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The Honolulu Advertiser
Posted on: Sunday, May 17, 2009

Save the planet and some money with tips from scientists

Advertiser staff

Hawaii news photo - The Honolulu Advertiser

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Hawaii news photo - The Honolulu Advertiser

Paradise Helicopters is offering tours of Big Island splendors at a discount.

Courtesy of Paradise Helicopters

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Hawaii news photo - The Honolulu Advertiser

Courtesy of Aloha Masks

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The Union of Concerned Scientists offers these tips for green travel and says some of the greenest choices can also save money.

  • For trips of more than 500 miles, if you travel solo or with one other person, it's greener to fly direct in coach than to drive.

  • First-class seating uses more space than coach, so the average first-class passenger on a domestic flight generates twice as much carbon as someone seated in coach, UCS says. Budget airlines with no first-class seats can lower a plane's per-person emissions 10 to 15 percent.

  • Compared with flying coach, a couple traveling by bus will cut their trip's carbon dioxide emissions 55 to 75 percent, depending on the distance traveled. Compared to even a fuel-efficient hybrid car, a bus trip would cut a couple's trip emissions nearly in half. Bus travel is usually less expensive than flying and for a solo traveler can be cheaper than driving.

  • Trains emit 60 percent less carbon per passenger-mile than a typical car with one occupant. And compared with a 500-mile trip on a small jet plane, a train emits roughly 30 percent less carbon. Trains also can save money by dropping you in city centers, so you don't need a taxi or rental car to get into town.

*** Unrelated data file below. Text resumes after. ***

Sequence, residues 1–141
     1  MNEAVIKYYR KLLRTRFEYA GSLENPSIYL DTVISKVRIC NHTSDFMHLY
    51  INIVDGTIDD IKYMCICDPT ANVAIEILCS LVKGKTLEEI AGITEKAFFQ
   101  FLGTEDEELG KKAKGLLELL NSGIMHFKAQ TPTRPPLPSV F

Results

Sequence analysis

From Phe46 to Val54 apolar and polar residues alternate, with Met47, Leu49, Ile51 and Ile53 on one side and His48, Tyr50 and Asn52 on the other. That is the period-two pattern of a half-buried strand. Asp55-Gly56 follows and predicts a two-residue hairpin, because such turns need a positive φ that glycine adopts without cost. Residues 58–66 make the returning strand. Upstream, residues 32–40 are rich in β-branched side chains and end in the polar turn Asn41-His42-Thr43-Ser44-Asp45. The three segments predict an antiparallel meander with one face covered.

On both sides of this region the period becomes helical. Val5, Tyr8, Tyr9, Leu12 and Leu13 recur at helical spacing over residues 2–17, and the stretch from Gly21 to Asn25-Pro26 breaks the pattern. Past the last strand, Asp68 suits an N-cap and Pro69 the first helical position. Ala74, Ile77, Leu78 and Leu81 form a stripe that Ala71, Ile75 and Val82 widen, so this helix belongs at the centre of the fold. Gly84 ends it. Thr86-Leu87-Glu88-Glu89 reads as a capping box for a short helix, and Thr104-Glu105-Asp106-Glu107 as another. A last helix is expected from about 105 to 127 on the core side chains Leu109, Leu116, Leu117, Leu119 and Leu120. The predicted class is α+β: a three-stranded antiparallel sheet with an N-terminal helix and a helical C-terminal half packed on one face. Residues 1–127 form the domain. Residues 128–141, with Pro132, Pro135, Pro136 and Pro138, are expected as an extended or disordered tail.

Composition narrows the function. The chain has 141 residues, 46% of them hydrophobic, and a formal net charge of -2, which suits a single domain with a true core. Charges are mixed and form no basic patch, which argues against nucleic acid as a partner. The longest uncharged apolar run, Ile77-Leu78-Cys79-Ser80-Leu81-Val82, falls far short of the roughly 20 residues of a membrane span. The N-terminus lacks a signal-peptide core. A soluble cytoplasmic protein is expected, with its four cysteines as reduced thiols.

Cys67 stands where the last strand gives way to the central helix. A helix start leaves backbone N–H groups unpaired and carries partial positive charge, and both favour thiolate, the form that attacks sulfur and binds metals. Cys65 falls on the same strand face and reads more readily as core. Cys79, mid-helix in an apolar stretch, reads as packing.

• An SUV emits nearly four times the amount of carbon dioxide emissions of a highly efficient hybrid such as a Toyota Prius, and uses nearly four times the amount of gas.

  • Traveling off-peak lowers your carbon footprint and travel bills. Spending less time in traffic means better mileage and lower fuel bills; flying off-peak means your plane won't be wasting fuel in a holding pattern and your ticket could be cheaper. More at tinyurl.com/5uzj9u.



    Big Island volcanic activity has had an exceptional year. Visitors to the Big Island can get a bird's-eye view of some of the planet's newest landscape with Paradise Helicopters, which is offering 20 percent off all its Big Island tours. Discounted tours include the Jack's Lava House Landing tour, a 75-minute adventure that flies passengers to see the lava from the air and then lands for a 30-minute self-guided walk out on to the lava field, $212.62 per person. Other tours include the Waipi'o Valley, rainforest, waterfall and Kohala coastline adventures. 866-876-7422, www.paradisecopters.com.



    For Hawai'i travelers who opt to wear a respirator mask to help avoid exposure to illness such as the H1N1 flu virus, there are Aloha Masks.

    Aloha Masks are safety-rated respirator masks with aloha designs. They're made from top-of-the-line NIOSH-certified N95 respiratory masks, recommended for protection against transmission viruses like the flu. Aloha Masks are custom-printed in Hawai'i with a non-toxic, skin-safe and odor-free design.

    Enterprising Island travelers wanted a way to help make their young kids a little more comfortable about wearing a mask and taking safety precautions, which blossomed into an idea to put a little aloha into staying healthy. The mask comes in a red, black or green hibiscus design and costs $9.50 (a portion of proceeds from each mask sold goes to a Hawai'i charity). www.alohamasks.com, 382-0406.